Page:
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Education Can Boost Women's Chances of Getting Married




By Margarita Nahapetyan

NYU Sociologists Paula England and Jonathan Bearak claim that college-educated ladies these days are as likely to get married as their less educated counterparts, even if the nuptials happen at an older age.

A new report, which has been prepared for the Council on Contemporary families and is based on a national sample of people who were born between 1958 and 1965, contradicts previously dominating idea that women who went on with their education after high school were more likely to postpone finding a second half past some stereotypical "marriageable age" while climbing up a career ladder. According to the new findings, as late as in 1950, white college-educated women were 15 per cent less likely than their high-school graduate peers to get married before they turned 40. By 2010, economist Betsey Stevenson had revealed that the "marriage gap" dropped to just 2 per cent, and now the well-educated ladies have caught up with those who did not pursue further education and even surpassed them in the percent that have married. In other words, the gap is closed entirely.

England and Bearak found that 75 per cent of women who hold college diplomas are married at age 40, when compared to 70 per cent of high school graduates and about 60 per cent of high school dropouts. When it comes to gentlemen, here the gap is bigger: at the age of 40 years, about 75 per cent of male college graduates are being married compared to about 50 per cent of their high school dropout peers.

In terms of race, the postponed marriage boost produced by higher education is far more pronounced for black ladies than for whites. While African American women have lower chances of ever getting married when compared to white women, completing a college or graduating from a University increases ultimate marriage rates by age 30 and 40 much more substantially for black women when compared to whites. Black women who drop out of a high school have far less chances to get married than any other group. The "marriage gap" increases for black men as well, with 70 per cent of educated black men being married by age 40 and just 30 per cent of those without a high school diploma having a family.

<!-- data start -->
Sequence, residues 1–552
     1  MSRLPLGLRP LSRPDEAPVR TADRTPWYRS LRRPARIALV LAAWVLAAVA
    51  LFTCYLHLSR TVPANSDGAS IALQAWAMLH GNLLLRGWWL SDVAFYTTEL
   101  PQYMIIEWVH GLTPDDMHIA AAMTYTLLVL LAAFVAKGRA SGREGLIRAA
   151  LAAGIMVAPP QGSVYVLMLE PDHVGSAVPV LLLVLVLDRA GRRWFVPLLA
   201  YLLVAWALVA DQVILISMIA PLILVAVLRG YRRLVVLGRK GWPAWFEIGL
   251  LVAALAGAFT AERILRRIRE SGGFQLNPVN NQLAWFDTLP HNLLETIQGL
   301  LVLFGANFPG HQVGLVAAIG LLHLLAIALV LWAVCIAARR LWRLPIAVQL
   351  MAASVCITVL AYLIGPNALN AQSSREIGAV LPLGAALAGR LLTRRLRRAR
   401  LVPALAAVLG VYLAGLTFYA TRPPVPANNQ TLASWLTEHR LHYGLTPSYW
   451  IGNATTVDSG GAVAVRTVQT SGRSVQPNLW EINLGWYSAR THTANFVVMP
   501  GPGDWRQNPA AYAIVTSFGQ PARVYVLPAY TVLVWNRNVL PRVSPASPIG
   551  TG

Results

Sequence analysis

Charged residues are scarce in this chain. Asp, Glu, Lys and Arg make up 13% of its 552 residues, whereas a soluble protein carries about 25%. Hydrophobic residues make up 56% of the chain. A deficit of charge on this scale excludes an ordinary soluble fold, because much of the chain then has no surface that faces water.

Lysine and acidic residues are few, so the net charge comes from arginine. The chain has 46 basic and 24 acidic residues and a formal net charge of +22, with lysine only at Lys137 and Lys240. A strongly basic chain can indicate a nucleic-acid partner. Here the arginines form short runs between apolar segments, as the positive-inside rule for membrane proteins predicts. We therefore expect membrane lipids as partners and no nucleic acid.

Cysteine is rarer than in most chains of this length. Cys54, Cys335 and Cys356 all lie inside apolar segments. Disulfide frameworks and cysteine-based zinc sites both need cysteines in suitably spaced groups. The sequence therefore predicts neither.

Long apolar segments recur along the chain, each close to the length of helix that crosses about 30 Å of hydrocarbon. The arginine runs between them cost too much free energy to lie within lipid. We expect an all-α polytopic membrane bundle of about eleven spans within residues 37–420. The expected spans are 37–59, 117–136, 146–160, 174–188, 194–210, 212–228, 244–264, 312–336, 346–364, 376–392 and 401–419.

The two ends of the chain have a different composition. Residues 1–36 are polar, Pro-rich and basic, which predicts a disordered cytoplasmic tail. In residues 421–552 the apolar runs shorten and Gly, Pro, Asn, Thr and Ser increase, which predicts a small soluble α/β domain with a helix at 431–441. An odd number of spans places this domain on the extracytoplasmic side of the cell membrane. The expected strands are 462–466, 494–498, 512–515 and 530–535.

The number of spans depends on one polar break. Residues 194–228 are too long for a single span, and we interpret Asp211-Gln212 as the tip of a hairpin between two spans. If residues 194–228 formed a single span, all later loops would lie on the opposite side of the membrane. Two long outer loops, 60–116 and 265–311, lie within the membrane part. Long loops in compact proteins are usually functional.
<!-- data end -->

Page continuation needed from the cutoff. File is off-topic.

The findings also demonstrated that women with education, or those who get married at an older age, are less likely to get divorced, owing in part to the fact that getting married young is associated with an increased likelihood of split up. Past studies regarding education and divorce produced mixed results, with one research claiming that women with the best education were at the lowest risk of getting divorced, and another finding that there is a more complex connection between the two. However, England and Bearak state that individuals with less education, and especially men, split up at higher rates over their lifetime course.

According to England, this happens, in part because higher educated people are likely to have better jobs, earn more money, and that being financially secure can smooth over some conflicts in the family. Also, educated men tend to be more liberal and more egalitarian towards their partners, England added, explaining that educated husbands are more likely to treat their wives like equals which might, in turn, make wives stay married to them.

The new research also hints at how education affects women's overall happiness. Stephanie Coontz, history and family studies professor and director of CCF's research and public education, said in a statement that in regards of women's actual happiness, divorce rates could be even more important than marriage rates. She further explained that women in their 50s who have never been married feel almost as happy as women in happy marriages, and these groups are much happier than divorced ladies.



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